If we ignore the details of Paul’s journey, we miss out on the heart of why Paul did what he did. So let’s take a close look at Paul’s three missionary journeys.
Paul's First Missionary Journey (Acts 13-14)
When the church was worshiping and fasting in Antioch, the Holy Spirit marked Paul and Barnabas for a unique missionary journey. This journey was to start at the port city of Antioch and head to the island of Cyprus, Barnabas’ home.
When they reached Cyprus, John Mark assisted them as they proclaimed the gospel to the synagogues (Acts 13:5). They traveled from the port city of Salamis to Paphos on the opposite shore of Cyprus. At Paphos, a sorcerer named Elymas greeted them. It seems that the governor of that province—a man named Sergius Paulus—had sent for the missionaries because he wanted to hear God’s Word. This was a message he was familiar with because, after the stoning of Stephen, many Christians had fled to Cyprus (Acts 11:19).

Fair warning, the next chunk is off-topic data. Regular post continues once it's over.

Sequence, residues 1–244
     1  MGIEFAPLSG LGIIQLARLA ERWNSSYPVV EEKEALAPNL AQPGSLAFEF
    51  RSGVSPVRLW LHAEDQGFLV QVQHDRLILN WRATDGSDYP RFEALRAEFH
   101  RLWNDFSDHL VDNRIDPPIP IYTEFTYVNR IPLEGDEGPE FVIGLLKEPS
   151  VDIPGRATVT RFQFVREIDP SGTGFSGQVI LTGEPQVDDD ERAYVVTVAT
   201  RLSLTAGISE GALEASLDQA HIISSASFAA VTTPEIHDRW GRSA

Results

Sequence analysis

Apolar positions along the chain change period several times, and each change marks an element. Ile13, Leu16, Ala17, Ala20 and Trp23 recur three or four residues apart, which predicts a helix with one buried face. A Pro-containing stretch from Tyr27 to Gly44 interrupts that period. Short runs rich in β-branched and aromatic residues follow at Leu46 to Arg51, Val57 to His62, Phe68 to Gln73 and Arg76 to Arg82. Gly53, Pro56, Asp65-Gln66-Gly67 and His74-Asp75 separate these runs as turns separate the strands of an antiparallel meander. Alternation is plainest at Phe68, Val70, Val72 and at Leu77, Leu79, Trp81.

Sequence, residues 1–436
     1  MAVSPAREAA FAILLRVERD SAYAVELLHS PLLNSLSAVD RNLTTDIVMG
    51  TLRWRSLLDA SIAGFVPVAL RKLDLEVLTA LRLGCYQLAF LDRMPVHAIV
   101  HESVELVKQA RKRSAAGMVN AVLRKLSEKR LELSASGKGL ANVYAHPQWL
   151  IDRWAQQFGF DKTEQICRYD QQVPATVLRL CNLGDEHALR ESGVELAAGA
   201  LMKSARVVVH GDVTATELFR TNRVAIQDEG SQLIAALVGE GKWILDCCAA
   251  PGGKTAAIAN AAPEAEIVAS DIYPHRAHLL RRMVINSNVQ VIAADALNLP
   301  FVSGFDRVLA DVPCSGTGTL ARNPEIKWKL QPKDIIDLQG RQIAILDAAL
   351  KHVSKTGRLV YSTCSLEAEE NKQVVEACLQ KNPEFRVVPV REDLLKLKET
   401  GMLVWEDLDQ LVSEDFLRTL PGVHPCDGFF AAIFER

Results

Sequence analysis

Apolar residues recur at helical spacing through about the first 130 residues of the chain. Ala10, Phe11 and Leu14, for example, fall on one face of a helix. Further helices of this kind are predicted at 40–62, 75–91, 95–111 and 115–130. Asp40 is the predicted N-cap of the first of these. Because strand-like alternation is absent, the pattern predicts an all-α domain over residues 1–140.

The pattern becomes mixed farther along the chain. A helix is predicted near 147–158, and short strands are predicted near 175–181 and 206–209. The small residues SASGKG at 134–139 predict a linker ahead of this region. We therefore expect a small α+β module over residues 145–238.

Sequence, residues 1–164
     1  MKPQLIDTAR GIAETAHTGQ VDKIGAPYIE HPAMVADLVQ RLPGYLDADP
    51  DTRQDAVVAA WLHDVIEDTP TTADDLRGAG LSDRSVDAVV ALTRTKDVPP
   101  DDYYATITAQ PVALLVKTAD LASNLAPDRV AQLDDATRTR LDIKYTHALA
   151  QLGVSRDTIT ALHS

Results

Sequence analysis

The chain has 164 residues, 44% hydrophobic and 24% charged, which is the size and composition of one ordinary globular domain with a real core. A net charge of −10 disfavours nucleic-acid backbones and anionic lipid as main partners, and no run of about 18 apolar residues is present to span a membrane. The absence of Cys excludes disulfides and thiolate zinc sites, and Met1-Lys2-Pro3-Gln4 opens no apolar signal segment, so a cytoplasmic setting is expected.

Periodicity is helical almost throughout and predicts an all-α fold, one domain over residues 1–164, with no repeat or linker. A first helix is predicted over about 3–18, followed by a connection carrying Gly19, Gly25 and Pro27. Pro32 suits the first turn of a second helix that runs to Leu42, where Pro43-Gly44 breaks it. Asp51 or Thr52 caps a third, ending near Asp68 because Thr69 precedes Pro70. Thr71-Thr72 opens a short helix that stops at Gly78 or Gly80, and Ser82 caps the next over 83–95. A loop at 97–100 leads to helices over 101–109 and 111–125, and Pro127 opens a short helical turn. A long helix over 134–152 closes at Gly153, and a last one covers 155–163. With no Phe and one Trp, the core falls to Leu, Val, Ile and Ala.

Elymas resisted Paul and Barnabas in an attempt to keep Paulus from faith. Paul called the sorcerer out as a child of the devil, and Elymas was struck blind for a time. When Paulus saw this, he became a follower of Jesus (Acts 13:6–12).
From Cyprus, the companions traveled to Perga in Pamphylia (modern-day Turkey). At this point, John Mark decided to abandon the team and return to Jerusalem (Acts 13:13). This separation must have been the result of a large falling out because Paul and Barnabas fought about including John Mark in any further journeys.
Paul shared the gospel in the synagogue, and at first, it was well received. The Jews invited Paul and Barnabas to return, but when they saw the crowds gathered to hear them on the following Sabbath, they were jealous and began to argue and insult Paul (Acts 13:45).